Haiku: The Last Poems of an American Icon (Paperback)

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Haiku: The Last Poems of an American Icon By Richard Wright, Julia Wright (Introduction by) Cover Image

Haiku: The Last Poems of an American Icon (Paperback)

By Richard Wright, Julia Wright (Introduction by)


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Staff Reviews

It is tempting to scan these short works as you would something small and dismissable.Tempting, but impossible.Richard Wright crafted these haiku in France during the last 18 months of his life. They convey a relationship with words that is not tired or suffocated, but rich, meaningful and sustaining. They are the sounds and rhythms that accompany a life in unknown lands and times. Unforgettably powerful.

— Jonesey

Here are over 800 haiku by Richard Wright, one of the early forceful and eloquent spokesmen for black Americans, author of the acclaimed Native Son and Black Boy.

Wright discovered the haiku in the last eighteen months of life. He attempted to capture, through his sensibility as an African-American, the elusive Zen discipline and beauty in depicting man’s relationship, not only to his fellow man as he had in the raw and forceful prose of his fiction, but to the natural world. In all, he wrote over 4,000 haiku.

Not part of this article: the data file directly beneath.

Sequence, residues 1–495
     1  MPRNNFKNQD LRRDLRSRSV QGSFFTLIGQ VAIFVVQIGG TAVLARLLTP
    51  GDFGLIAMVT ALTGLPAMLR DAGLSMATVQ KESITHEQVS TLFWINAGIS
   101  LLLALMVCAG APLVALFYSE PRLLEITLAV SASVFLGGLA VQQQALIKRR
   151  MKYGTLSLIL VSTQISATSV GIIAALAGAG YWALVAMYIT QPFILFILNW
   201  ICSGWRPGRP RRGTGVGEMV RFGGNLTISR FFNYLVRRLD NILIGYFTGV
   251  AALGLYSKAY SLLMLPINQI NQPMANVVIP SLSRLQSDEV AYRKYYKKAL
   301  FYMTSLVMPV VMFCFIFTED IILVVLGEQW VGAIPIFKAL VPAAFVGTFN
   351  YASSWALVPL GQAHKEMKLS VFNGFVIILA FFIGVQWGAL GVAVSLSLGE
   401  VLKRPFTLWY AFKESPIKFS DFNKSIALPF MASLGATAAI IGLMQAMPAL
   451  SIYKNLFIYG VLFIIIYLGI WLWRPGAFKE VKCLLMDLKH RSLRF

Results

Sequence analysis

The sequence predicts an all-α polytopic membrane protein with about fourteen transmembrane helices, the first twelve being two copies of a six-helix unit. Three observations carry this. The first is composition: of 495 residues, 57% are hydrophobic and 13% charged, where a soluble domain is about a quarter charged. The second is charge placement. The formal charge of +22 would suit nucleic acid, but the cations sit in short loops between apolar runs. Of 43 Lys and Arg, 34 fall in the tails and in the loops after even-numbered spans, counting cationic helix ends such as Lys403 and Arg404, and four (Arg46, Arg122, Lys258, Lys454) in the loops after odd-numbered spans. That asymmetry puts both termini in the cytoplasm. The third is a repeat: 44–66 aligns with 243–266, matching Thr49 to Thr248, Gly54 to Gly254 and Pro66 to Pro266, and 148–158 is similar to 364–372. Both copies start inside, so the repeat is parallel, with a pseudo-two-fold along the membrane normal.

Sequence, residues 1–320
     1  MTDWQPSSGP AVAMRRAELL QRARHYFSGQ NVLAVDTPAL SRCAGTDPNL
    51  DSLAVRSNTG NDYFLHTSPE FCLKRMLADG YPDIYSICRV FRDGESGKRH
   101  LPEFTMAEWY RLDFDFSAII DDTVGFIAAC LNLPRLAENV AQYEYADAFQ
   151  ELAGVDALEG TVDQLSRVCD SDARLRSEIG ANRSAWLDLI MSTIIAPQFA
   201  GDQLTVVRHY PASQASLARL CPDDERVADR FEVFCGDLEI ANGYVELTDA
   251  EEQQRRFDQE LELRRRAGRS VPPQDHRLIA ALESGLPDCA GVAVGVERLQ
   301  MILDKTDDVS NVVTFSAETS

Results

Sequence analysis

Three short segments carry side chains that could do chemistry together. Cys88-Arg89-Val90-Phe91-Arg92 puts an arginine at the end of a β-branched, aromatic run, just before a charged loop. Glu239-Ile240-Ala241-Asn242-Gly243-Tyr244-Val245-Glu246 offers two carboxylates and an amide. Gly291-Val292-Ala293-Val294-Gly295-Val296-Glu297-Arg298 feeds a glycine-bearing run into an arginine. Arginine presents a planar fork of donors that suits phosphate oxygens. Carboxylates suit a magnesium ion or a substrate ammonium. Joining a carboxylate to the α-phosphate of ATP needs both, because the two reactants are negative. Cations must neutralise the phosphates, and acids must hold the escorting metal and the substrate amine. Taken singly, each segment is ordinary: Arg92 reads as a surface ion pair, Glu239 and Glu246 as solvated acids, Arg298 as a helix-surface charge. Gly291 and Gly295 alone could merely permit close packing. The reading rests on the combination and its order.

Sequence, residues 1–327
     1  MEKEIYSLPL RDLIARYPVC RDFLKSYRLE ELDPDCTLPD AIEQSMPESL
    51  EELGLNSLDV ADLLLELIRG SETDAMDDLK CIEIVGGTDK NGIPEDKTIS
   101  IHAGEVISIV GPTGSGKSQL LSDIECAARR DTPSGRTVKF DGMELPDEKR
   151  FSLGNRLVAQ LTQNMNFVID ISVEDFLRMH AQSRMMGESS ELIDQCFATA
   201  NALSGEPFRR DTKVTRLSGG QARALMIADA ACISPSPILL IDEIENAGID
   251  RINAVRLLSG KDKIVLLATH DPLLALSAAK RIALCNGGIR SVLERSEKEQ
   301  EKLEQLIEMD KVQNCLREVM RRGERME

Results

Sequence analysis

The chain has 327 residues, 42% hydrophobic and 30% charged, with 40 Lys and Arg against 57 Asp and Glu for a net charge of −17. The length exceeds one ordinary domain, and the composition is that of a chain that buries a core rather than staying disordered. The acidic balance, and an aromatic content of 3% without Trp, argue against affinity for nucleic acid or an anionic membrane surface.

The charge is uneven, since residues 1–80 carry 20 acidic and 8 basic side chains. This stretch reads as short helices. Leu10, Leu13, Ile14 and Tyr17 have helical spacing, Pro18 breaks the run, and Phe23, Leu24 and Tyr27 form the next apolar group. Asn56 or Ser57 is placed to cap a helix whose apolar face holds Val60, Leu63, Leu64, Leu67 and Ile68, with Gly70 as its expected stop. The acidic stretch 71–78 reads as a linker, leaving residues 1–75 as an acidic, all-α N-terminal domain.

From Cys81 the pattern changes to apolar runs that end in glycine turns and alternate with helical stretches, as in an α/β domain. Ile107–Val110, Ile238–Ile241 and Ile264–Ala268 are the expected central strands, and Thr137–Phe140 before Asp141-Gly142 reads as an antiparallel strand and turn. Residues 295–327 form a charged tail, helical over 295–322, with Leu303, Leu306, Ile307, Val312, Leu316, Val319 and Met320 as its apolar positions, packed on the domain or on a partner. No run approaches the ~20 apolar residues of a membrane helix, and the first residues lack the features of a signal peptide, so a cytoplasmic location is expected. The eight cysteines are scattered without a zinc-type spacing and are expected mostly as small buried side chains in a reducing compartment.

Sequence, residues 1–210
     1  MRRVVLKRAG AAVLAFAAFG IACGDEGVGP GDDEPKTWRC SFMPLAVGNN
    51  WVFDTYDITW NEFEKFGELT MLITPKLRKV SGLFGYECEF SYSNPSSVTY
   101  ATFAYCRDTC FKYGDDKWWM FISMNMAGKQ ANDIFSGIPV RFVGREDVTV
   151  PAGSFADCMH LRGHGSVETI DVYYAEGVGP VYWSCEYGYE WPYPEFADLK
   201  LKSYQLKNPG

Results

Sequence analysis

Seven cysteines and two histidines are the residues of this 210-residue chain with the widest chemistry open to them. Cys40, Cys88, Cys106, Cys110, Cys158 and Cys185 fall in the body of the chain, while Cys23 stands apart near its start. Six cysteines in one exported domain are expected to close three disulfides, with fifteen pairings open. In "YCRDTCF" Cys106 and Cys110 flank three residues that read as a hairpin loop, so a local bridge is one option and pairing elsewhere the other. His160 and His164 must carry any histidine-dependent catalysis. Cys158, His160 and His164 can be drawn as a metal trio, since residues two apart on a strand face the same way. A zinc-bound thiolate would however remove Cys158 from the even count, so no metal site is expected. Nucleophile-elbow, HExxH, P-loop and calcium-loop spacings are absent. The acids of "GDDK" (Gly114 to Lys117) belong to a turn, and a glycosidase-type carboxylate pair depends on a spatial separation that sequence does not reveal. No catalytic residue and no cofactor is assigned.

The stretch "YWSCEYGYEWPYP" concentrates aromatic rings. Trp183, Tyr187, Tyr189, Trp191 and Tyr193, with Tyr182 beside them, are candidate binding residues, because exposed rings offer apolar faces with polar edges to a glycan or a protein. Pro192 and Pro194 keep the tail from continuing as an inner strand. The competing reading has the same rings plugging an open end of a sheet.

Here are the 817 he personally chose; Wright’s haiku, disciplined and steeped in beauty, display a universality that transcends both race and color without ever denying them. Wright wrote his haiku obsessively—in bed, in cafes, in restaurants, in both Paris and the French countryside. They offered him a new form of expression and a new vision: with the threat of death constantly before him, he found in them inspiration, beauty, and insights.

Fighting illness and frequently bedridden, deeply upset by the recent loss of his mother, Ella, Wright continued, as his daughter notes in her introduction, “to spin these poems of light out of the gathering darkness.”
Product Details ISBN: 9781611453492
ISBN-10: 1611453496
Publisher: Arcade
Publication Date: February 1st, 2012
Pages: 320
Language: English